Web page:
My common experience with the social behaviour of Zebra Doves (Geopelia striata) is to see a pair foraging or perched, often affectionately (allopreening). Not infrequently a small group will be found foraging together where the food source is readily available; example under a fruiting Ficus tree or where someone has thrown out grain/rice to feed birds. Rarely do I see larger groups.
On this occasion I observed 32 birds perched in a small dead tree (above image only shows a small selection of the birds). This was at 9.30am in the morning. Some birds were calling out but there was no aggression or competitive behaviour. They remained companionably together for a while, even after I moved on.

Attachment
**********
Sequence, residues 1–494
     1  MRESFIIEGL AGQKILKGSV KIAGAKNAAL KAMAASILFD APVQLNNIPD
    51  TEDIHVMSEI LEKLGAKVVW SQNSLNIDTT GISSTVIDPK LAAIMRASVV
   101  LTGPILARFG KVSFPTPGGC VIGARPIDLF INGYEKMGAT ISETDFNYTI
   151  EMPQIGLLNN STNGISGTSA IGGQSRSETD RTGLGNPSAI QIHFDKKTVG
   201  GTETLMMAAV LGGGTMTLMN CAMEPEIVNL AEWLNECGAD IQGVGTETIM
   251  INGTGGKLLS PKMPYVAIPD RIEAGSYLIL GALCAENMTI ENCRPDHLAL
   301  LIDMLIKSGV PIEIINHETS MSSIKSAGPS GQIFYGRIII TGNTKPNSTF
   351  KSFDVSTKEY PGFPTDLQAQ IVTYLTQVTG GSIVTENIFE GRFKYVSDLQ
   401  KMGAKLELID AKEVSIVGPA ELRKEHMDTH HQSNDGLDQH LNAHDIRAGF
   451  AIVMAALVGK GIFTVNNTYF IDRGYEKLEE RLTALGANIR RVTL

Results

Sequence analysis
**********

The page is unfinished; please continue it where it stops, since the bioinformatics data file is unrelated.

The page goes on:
Wells (1999) mentions: less often small parties. Gibbs and Barnes (2001) state: Most frequently seen in pairs or small groups, but occasionally in larger congregations at good feeding sites or at water. I am reasonably sure than neither food/feeding nor water sources were an issue at this site. It could just be a convenient perch/resting location, after the early morning feeding, that offered safety in numbers.
- Wells, D.R. (1999) The birds of the Thai-Malay Peninsula: Vol. 1 (Non-Passerines). Christopher Helm, London
- Gibbs, D., Barnes, E., Cox, J. (2001) Pigeons and Doves, A Guide to Pigeons and Doves of the World. Yale University Press.
Amar-Singh HSS (Dato’ Dr)
Ipoh, Perak, Malaysia
Location: Ipoh, Perak, Malaysia
Habitat: Urban environment
Date: 28th May 2020
Equipment: Equipment: Nikon D500 SLR with Nikon AF-S 105mm f/2.8G VR IF-ED
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